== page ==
Disclaimer: This blog post solely reflects the opinion of the authors and should not be taken to represent the general views of IPPR’s management team or those of fellow authors.
The term ‘Unworthy Victim’ is expertly described by Noam Chomsky and Edward S. Herman in their book, ‘Manufacturing Consent’ to denote victims whose narratives, irrespective of the injustices they’ve suffered or the severity of their plight, do not coincide with the pertinent political objectives of the incumbent elite (Chomsky and Herman, 1988). These narratives are therefore wholly omitted from the media or are, like their owners, mistreated and misused until they act the part.
Today’s (and last decade’s) ‘unworthy victims’ are the 12 million Yemeni children on the brink of starvation and the 12 million more in need of humanitarian assistance (“Crisis”, 2020). But this is far from breaking news – 10 years ago, half of Yemen’s children were already stunted from hunger and almost half of the country was unemployed (Novak, 2010).
What took us so long?
Considering US support to the Saudi-coalition in Yemen, it is exclusively lamentable – and not at all surprising – that the extent of Yemen’s humanitarian crisis has been downplayed, and distorted, for years; to reveal the Saudi atrocities that American arms and intelligence have facilitated would be to blur the lines between Lady Liberty and those she wages its ‘war on terror’ on. To even insinuate this, through facts and crystal-clear evidence, would be disastrously un-American.
But what has arguably really allowed the US to sidestep warranted criticism for its actions is the media coverage that it spoons into the mouth of civil society. For instance, media portrayal of the conflict in Yemen often revolves around it being a ‘tragedy’—not the consequential and very much predictable effect of US arms in the hands of the Saudi coalition. Now, the Yemen conflict is in no way devoid of the casualties and horrors to merit the term. Nonetheless, to simply declare it a ‘tragedy’ is to avoid ‘pointing fingers’ and to, connotatively, undermine its pressing reality. A ‘tragedy’, after all, is when someone scorns the Greek Gods and their ‘tragic’, predetermined downfall ensues.
The hundreds of thousands of deaths in Yemen are neither ‘destiny’ nor a work of fiction. They are a work of American complicity.
But it is such strategic media phrasing that arguably permits governments to avoid addressing a problem that they produced and are hesitant to fix – last year, Donald Trump vetoed congress’ attempt to withdraw US involvement in Yemen (Riechmann, 2019).
Take an article released by CBS, for instance, entitled ‘Over 7500 children killed or wounded in Yemen since 2013, UN report says’ (“Over 7500 killed”, 2019). For starters, the title neither attempts to humanise the deaths nor assign culpability. Its use of passive voice allows it to comfortably pretend there is no specific US-Saudi perpetrator behind those ‘killed or wounded’.
Moreover, when explaining the political origins of the conflict, it states that it ‘began with the 2014 takeover of the Yemen capital by Iranian-backed Houthi Shiite rebels’ and that ‘a Saudi-led coalition allied with Yemen’s internationally recognised government has been fighting the Houthis since’. Note how the Saudi’s coalition response is offered as a natural consequence of Houthi warfare and the term ‘internationally recognised government’ is included to legitimise the Saudi coalition.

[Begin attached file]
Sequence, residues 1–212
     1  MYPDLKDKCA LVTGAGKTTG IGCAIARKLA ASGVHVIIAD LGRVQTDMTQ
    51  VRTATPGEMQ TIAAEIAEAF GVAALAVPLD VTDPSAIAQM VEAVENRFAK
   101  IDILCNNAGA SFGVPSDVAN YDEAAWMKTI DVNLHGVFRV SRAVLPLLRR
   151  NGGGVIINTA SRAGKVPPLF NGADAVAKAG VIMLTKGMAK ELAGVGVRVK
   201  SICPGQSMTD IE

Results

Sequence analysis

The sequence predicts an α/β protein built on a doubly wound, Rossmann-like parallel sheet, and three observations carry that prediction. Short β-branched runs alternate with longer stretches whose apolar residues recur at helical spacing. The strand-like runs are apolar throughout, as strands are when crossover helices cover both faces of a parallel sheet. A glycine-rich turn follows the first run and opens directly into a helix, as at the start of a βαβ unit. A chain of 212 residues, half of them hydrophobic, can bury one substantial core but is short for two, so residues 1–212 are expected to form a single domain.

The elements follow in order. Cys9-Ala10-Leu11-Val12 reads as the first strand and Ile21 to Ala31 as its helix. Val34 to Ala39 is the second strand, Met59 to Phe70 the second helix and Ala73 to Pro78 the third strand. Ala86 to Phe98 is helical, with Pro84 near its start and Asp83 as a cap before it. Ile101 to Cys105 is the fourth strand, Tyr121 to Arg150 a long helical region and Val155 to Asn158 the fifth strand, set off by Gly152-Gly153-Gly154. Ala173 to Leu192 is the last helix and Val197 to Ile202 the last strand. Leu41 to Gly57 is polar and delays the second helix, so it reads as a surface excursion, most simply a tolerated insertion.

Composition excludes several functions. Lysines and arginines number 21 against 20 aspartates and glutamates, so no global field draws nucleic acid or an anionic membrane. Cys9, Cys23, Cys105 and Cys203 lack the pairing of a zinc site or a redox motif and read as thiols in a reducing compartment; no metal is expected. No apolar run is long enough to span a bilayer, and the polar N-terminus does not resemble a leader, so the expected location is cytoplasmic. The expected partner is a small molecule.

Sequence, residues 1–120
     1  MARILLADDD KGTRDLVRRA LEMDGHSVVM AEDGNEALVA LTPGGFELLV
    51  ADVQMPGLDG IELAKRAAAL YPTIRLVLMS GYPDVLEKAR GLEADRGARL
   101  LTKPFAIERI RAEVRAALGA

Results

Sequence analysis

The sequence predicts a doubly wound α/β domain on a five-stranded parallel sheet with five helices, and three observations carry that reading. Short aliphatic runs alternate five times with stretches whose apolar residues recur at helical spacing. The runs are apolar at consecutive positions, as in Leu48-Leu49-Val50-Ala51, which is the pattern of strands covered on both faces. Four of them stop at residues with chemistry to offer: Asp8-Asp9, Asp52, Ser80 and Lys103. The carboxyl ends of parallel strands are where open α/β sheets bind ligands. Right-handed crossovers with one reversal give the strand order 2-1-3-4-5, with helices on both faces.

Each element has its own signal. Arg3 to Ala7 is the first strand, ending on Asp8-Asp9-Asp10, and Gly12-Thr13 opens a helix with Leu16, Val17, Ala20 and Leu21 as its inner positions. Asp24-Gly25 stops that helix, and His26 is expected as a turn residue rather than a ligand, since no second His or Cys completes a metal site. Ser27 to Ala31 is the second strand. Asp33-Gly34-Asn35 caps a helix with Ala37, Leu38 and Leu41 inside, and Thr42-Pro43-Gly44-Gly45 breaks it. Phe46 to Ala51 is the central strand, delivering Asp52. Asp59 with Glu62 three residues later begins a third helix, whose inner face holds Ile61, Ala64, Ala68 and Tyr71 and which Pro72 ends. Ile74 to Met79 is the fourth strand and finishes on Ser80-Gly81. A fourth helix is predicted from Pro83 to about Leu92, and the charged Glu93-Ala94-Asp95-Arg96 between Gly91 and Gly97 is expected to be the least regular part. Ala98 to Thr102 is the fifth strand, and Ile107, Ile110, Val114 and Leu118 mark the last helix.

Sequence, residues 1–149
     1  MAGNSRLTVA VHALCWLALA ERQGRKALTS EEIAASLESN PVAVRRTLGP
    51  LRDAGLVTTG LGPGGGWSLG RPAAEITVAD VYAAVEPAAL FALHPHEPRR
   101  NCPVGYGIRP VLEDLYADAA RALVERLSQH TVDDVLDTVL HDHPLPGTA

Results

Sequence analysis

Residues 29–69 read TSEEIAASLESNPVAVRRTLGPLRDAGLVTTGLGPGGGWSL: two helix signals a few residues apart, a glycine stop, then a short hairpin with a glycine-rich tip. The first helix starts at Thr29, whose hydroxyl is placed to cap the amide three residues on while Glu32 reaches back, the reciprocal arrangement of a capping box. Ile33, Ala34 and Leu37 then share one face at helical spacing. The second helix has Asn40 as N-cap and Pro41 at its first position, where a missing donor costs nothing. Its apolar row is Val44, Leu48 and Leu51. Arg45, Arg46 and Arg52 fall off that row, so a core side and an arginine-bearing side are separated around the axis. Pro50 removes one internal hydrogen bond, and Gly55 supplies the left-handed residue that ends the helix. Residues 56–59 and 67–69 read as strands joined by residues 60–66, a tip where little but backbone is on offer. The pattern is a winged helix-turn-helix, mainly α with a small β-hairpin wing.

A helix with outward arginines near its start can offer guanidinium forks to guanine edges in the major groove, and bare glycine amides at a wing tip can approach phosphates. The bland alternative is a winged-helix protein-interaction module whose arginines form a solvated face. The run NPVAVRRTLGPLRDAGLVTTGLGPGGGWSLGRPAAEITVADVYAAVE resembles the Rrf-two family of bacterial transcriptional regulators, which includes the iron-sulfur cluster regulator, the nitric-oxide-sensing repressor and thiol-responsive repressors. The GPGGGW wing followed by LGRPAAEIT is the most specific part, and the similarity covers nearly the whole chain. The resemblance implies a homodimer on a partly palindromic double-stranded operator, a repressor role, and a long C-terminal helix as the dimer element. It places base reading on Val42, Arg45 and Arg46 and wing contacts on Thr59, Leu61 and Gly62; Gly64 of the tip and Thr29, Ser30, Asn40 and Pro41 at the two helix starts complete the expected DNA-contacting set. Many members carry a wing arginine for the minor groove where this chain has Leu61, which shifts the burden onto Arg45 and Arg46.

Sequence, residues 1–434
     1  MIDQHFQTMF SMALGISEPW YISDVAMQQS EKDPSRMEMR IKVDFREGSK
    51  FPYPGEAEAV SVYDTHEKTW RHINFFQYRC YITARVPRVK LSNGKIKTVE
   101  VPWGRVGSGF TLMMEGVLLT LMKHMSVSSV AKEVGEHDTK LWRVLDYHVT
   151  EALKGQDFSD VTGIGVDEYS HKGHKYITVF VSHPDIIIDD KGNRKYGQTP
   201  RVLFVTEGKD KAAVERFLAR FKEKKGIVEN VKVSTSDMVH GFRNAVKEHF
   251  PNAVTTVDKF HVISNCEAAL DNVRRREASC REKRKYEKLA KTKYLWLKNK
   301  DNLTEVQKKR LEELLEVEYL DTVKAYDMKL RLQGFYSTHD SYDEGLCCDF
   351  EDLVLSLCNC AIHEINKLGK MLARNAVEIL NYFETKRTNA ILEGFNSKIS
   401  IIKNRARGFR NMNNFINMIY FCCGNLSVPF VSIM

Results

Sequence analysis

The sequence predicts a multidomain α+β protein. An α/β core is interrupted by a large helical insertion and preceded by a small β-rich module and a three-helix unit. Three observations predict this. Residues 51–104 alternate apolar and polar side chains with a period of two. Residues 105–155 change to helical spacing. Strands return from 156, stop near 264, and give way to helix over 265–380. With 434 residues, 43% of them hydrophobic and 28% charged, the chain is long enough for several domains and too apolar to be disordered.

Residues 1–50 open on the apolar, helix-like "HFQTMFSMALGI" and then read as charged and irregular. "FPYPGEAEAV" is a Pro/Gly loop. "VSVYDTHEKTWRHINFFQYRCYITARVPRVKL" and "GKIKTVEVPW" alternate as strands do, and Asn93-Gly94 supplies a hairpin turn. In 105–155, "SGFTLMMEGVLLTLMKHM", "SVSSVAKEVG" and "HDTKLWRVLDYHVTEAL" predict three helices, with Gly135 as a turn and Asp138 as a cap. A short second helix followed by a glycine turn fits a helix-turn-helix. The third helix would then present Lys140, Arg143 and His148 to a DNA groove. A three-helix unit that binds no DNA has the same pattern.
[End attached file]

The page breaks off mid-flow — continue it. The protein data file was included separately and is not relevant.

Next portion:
Nowhere in the article is the crucial information that, also according to its United Nations source, the vast majority of civilian deaths are a result of Saudi indiscriminate airstrikes. Instead, this, as well as the fact that the US shamelessly provides equipment and financing to the Saudi coalition is conveniently left out.
It is for this reason that educating yourself about the nature of conflicts such as that of Yemen requires an active skepticism of who provides the ‘truth’. When we take government officials and sources prima facie, we are acting under the impression that they are trustworthy and not complicit in mass murders and state terrorism.
If, even after Donald Trump’s flippant description of the Yemen war as ‘an inexpensive way for Iran to cause trouble for the United States’, you believe the US government to prioritise releasing candid information to the media, then no amount of reading, listening, and watching will truly educate you about what actually goes on in countries like Yemen and who’s to blame (Riechmann, 2019).
Nathalia Gonzalez, BSc Politics and International Relations
CBS News. “Over 7,500 Children Killed or Wounded in Yemen since 2013, U.N. Report Says.” CBS News , CBS Interactive, 29 June 2019, http://www.cbsnews.com/news/yemen-children-killed-wounded-over-7500-united-nations-report-says-2019-06-29/.
“Yemen Crisis.” UNICEF , 18 June 2020, http://www.unicef.org/emergencies/yemen-crisis.
Deb Riechmann, The Associated Press. “Trump Vetoes Measure to End US Involvement in Yemen War.” Military Times , Military Times, 16 Apr. 2019, http://www.militarytimes.com/news/pentagon-congress/2019/04/17/trump-vetoes-measure-to-end-us-involvement-in-yemen-war/.
Chomsky , Noam, and Edward S Herman . Manufacturing Consent: the Political Economy of the Mass Media . 1988.
Novak , Jane. “COMPARATIVE COUNTERINSURGENCY IN YEMEN.” Middle East Review of International Affairs , vol. 14, no. 3, Sept. 2010.
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